dougboswell
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Re: First time home purchase.

Post by dougboswell » 06 Feb 2016 18:31

Regarding amortizations. If your down payment is less than 20% and CMHC insured, the maximum would be 25 years. If it is over 20% down then most lenders let you go either up to 30 or 35 years.
Ask me about the do-it-yourself mortgage designed to save you even more money.

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Re: First time home purchase.

Post by longinvest » 06 Feb 2016 22:29

OhGreatGuru wrote:Regarding mortgages:

1. Put down as much as you can afford;
2. Examine your monthly budget and get a mortgage with as short an amortization period as you can afford for monthly payments. The amount of interest you pay over the life of the mortgage goes up exponentially with the amortization period. The lender will usually tell you your mortgage limit based on 30-years. Ask what it is for 15-20-& 25 years.
3. Even closed mortgages usually allow you to pay down a percentage of the principle on anniversary dates. But check pre-payment options to be sure.
:thumbsup:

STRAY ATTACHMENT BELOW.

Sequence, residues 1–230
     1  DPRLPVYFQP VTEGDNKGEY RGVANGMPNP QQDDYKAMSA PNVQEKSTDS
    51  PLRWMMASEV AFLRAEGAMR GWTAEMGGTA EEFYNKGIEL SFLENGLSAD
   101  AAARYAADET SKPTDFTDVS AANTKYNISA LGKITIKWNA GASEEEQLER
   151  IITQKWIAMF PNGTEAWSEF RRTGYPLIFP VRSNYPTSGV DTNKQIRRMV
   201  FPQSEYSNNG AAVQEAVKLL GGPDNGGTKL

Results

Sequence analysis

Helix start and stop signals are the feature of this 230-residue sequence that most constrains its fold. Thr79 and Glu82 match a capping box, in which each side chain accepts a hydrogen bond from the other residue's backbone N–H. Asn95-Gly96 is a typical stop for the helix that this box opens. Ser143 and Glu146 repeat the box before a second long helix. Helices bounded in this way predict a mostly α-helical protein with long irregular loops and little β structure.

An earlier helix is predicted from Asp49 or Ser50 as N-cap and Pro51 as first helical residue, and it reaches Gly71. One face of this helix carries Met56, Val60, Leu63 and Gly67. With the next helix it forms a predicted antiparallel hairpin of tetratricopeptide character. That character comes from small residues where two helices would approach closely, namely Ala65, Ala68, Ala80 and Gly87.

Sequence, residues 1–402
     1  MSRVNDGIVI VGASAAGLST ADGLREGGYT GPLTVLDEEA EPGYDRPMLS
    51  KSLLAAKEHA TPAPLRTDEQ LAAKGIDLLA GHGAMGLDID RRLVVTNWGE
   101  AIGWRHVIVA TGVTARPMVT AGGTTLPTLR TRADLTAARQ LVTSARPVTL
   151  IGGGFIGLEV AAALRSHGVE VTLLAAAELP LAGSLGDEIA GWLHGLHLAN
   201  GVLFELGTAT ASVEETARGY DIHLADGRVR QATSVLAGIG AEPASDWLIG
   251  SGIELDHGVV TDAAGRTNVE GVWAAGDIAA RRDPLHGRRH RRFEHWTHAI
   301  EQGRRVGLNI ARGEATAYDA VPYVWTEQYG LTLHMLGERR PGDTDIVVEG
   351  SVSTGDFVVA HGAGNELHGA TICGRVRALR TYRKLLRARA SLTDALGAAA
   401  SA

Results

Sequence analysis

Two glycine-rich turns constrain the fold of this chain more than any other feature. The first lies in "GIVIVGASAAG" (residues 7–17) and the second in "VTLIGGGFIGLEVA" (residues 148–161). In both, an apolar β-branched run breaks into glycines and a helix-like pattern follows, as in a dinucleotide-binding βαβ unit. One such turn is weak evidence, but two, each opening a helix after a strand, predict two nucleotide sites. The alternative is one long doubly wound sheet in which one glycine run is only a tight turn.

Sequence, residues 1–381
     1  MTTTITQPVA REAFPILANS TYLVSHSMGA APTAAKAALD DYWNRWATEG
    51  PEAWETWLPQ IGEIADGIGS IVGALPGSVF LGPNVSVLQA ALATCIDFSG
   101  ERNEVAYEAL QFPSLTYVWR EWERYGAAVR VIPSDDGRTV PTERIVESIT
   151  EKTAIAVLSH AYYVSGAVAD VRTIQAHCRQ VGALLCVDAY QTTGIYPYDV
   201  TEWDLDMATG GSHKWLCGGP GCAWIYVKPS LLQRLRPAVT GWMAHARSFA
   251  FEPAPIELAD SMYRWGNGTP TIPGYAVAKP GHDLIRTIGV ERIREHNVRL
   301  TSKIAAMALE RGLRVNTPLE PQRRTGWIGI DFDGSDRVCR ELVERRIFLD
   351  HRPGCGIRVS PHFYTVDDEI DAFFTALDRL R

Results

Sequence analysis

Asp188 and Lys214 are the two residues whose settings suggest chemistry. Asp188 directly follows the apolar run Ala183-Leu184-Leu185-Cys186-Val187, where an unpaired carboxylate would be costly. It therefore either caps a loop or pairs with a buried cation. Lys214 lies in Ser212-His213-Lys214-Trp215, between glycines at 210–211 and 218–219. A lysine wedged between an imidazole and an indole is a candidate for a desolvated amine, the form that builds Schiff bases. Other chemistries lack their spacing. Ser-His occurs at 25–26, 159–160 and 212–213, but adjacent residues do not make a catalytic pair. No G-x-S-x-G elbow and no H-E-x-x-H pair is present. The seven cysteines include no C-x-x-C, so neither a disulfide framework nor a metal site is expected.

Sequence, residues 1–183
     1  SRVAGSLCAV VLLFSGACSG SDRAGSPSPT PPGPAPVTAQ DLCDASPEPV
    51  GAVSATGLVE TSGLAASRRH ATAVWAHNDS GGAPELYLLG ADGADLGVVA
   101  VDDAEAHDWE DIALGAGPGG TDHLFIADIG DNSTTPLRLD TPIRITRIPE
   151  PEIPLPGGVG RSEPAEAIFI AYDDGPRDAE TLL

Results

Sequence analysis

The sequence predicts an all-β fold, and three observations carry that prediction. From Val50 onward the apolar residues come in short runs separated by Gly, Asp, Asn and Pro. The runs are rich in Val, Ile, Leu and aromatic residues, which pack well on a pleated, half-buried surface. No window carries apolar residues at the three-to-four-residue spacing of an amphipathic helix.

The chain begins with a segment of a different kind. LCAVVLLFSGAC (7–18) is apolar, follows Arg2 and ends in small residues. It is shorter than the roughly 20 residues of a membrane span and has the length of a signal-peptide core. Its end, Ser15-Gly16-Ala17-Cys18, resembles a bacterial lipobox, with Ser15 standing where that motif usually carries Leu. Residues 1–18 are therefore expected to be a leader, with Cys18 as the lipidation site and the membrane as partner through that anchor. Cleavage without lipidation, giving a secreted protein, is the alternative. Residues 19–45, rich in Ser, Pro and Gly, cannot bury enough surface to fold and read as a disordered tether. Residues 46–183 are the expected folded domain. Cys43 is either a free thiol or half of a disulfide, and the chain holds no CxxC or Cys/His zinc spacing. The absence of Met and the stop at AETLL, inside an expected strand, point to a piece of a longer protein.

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AltaRed
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Re: First time home purchase.

Post by AltaRed » 06 Feb 2016 22:39

:thumbsup: :thumbsup: I never regretted getting my mortgage paid off after 15 years. It can leave a lot of time thereafter to pour money into investment portfolios. OTOH, long amortization mortgages are good for bank shareholders.

BUT don't over-shorten amortizations so much that it doesn't leave much spare capacity to service the debt. A bump up in interest rates could make mortgage servicing an excessive burden. For example, a 25 year amortization may be better fhan 20 years just to provide some flexibility in servicing the debt. You can always apply more cash to principal when you can afford to do it, e.g. on anniversary dates of the mortgage, bi-weekly payments, etc. depending on the terms of your mortgage....and correspondingly, reduce eventual amortization that way.
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seth1987
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Re: First time home purchase.

Post by seth1987 » 10 Aug 2016 16:14

People pretty much covered everything here.

The only thing that wasn't covered is that you should apply for a pre-approval letter from the lender, before you put an offer down.
This lets you know what your max budget will be and saves you a lot of time and hassle.

Some sellers now require buyers to submit a pre-approval letter with the offer.

In a hot market the buyers are basically at the mercy of the sellers and the market. Buying can be a very annoying process in Toronto/Vancouver, so just stay the course and take your time :thumbsup:

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Re: First time home purchase.